My mint is struggling to come back full force, which kinda sucks- I have a feeling by the time it’s huge the season will be over and it’ll be time for me to cut it down and dry it. It’s turning brown slightly on the edges. Blah. I’ll update again once more things start to come around. Basil? For a while it wasn’t doing too well- it seemed to be shrinking. But now it’s better. My cilantro took a nose dive, though. My tomatoes are taking an extra long time, trying my patience, for sure. I lost two buds (one from each) in a bad thunderstorm that lasted over 12+ hours and it took forever for the other teeny buds to catch up. Ugh. Hurry up tomatoes!

At least I hope they get here before Breaking Dawn pt. 2.


Mary, Mary, quite contrary, how does your garden grow?

My name is a derivative of Mary, did you know that? It’s an old English form of the name. Fancier than Mary, but still the same name & the meaning (of the original Hebrew root name, Miryam, that is) ranges from bitter/bitterness, salty to rebellion, obstinacy. I’d like to think I’m not bitter, but salty… yes. I can be a bit salty at times. And rebellious? Totally. I’ll even admit to obstinate.

That doesn’t really have anything to do with gardening. Does explain the title of this post, though. And it explains partially why my grandmother used to call me ‘Rosie the Riveter.’ I grow my own veggies & herbs in the spring/summer, bake, cook, can my own pickles/jams/jellies/sauces/etc. I can sew. I am the modern Rosie the Riveter, I guess. I can fix anything, I can paint, I can repair almost anything or install almost anything. I think it’s important to be independent. Women who are the “damsels in distress” make me want to vomit. There’s a balance though. Yes, I like doors held open for me and I like things done for me. Yes, I like to be protected and feel safe. Yes, it’s nice when a man shovels the snow for me, carries the groceries or offers to climb the ladder to fix XYZ, etc. Of course I like that. But do I need a man (or another human for that matter) to help me do things? Not most of the time. I can handle pretty much anything you throw at me. And I think that there are a lot of women who agree with me, but there are also a lot who don’t, surprisingly. They need a man to change a lightbulb or hang a picture. It’s ridiculous. Get up off your ass and learn to do something. I just hate whiny little wussy women who don’t know how to do anything. I remember when I was 17 I had to tell my then boyfriend which was the transmission fluid in his car and which was the oil. And I didn’t even own a car myself at the time- nor did I drive!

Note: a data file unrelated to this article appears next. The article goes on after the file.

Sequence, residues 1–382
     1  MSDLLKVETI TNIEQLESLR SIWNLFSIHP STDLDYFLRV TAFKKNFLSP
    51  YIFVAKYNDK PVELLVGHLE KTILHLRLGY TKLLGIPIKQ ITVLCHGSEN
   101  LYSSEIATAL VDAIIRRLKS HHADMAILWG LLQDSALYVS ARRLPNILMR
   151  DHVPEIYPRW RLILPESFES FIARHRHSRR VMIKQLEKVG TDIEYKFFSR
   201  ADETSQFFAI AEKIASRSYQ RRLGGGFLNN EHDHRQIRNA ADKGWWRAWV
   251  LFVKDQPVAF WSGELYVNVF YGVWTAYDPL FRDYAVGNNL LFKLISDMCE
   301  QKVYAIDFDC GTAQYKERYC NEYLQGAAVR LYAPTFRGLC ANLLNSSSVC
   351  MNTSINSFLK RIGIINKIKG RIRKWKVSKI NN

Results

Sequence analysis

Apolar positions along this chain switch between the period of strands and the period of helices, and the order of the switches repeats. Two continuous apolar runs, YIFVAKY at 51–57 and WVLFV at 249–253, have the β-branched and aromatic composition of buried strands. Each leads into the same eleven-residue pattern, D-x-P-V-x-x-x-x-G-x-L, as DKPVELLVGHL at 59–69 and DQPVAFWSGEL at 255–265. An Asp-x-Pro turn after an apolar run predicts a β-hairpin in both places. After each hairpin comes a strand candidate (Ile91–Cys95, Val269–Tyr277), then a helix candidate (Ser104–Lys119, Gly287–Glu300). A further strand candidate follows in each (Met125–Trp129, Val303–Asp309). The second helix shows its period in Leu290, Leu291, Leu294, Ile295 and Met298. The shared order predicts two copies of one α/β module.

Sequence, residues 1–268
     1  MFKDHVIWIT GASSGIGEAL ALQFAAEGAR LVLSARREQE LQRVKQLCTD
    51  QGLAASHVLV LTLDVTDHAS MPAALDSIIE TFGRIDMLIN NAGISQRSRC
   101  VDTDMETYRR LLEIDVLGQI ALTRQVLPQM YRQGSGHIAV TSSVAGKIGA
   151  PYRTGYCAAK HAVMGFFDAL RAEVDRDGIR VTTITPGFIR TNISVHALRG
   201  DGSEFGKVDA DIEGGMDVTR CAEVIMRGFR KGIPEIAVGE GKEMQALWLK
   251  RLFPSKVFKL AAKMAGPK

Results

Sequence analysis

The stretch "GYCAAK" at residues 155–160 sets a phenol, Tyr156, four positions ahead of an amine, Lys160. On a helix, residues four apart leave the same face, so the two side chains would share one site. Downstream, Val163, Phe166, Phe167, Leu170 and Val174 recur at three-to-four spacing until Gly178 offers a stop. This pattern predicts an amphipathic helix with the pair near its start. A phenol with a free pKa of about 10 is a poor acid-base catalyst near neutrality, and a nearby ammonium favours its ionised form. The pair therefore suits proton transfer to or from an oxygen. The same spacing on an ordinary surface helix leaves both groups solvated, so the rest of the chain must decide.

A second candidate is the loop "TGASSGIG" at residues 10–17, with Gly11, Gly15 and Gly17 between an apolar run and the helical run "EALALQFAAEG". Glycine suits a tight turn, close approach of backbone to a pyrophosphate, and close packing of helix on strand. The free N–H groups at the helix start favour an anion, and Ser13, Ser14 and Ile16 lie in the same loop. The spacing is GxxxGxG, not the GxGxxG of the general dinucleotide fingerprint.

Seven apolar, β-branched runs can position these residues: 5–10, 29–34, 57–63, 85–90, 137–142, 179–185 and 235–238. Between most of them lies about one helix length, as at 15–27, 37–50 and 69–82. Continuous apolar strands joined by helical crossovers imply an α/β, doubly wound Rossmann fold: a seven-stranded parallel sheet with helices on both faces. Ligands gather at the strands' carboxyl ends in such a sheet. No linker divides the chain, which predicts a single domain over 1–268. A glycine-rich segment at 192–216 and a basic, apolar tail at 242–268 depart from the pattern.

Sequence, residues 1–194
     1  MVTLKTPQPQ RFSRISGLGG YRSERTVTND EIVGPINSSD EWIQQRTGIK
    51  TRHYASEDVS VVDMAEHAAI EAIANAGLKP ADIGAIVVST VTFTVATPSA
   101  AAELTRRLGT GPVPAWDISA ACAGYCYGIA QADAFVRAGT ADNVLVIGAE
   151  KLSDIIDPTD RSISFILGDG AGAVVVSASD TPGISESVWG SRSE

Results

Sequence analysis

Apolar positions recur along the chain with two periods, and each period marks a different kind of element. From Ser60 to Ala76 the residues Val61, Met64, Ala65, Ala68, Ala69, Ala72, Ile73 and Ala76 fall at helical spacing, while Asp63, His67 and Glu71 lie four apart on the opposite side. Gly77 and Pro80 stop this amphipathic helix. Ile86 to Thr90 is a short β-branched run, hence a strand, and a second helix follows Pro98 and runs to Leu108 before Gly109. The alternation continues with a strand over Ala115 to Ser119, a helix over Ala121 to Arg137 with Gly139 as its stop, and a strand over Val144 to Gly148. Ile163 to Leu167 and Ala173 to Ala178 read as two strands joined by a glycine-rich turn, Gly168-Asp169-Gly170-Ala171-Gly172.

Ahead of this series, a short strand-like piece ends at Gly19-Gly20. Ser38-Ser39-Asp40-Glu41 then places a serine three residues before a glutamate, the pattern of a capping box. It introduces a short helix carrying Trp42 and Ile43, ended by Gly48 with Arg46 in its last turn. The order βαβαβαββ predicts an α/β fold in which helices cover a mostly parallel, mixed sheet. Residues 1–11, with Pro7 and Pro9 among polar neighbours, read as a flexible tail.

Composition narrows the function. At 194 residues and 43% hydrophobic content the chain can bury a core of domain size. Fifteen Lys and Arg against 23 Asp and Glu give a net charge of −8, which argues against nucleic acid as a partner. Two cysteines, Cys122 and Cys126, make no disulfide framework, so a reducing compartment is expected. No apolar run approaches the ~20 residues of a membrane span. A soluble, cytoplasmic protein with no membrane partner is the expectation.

Anyway. I digress. I definitely scaled back the garden this year. I’ve got the same amount of herbs that I usually do, but I only got two tomatoes and one pepper. I didn’t grow from seed, I bought baby plants instead to lighten my load, so to speak. And also because I missed the seed-planting boat. But like I mentioned last time, I wasn’t sure how much time I’d have to invest in it this year, so I did want to scale back. But half the herbs were already growing (chives, both oregano, mint & parsley) so honestly, how scaled back could it be? Not only that, but my freakin’ chives could’ve taken over a small country… let alone my oregano. I mistakenly didn’t prune them back last fall so this year they were ridiculous. Scale back? Right. In for a penny, in for a pound, so I bought a few veggie plants and called it a day.

And no. I don’t care if you think that it’s cheating that I didn’t grow them from seeds. I’ve got so much else going on, and I do this for fun. I can’t be Wonder Woman. Well, not all the time. So save your preaching & crap for a blogger who cares & who buys into it. I’m not sustaining my entire family to get through the summer. I’m just doing this because I enjoy it.

So, the tally this year is:

  1. Green Zebra Heirloom tomato
  2. Cajun Belle pepper
  3. SuperTasty Hybrid tomato
  4. Rosemary
  5. Chives
  6. Variegated oregano
  7. Oregano
  8. Mint (small, but still trying to come back!)
  9. Italian parsley
  10. Sweet basil
  11. Lavender
  12. Cilantro
  13. Dill

I wanted to grow an heirloom tomato for a while, so I went with the Green Zebra because it was different. The other tomato? Well I got it because I wanted a regular old red tomato as well. The pepper is supposedly sweet but hot, which has a nice sound. After the Habanero’s last year, I needed a break from the super hot peppers. I ended up with 800 Hab’s and I had no idea what to do with them all! I might break down & buy another small vegetable at the nursery before the season is over, because I’m crazy like that. I’m like the crazy cat lady but with plants. Remember my half-dead blueberry bush from last year? It died, by the way. Didn’t make it through the winter. But I can’t help myself, I go into a nursery and I see all those little plants looking all lonely…